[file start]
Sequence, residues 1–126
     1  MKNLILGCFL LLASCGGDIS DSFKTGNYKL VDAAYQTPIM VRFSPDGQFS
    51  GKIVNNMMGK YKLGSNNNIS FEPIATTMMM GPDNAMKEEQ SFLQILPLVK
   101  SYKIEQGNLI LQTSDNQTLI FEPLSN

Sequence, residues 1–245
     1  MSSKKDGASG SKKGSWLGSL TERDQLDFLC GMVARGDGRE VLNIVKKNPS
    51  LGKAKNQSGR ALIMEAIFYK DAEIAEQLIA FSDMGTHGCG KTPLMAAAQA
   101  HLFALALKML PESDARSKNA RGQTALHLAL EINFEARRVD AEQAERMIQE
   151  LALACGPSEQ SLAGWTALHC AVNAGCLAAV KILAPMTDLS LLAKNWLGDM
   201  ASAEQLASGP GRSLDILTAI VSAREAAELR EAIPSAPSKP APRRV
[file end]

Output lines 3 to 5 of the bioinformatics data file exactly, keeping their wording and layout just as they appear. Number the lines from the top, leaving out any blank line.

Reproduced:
    51  GKIVNNMMGK YKLGSNNNIS FEPIATTMMM GPDNAMKEEQ SFLQILPLVK
   101  SYKIEQGNLI LQTSDNQTLI FEPLSN

Sequence, residues 1–245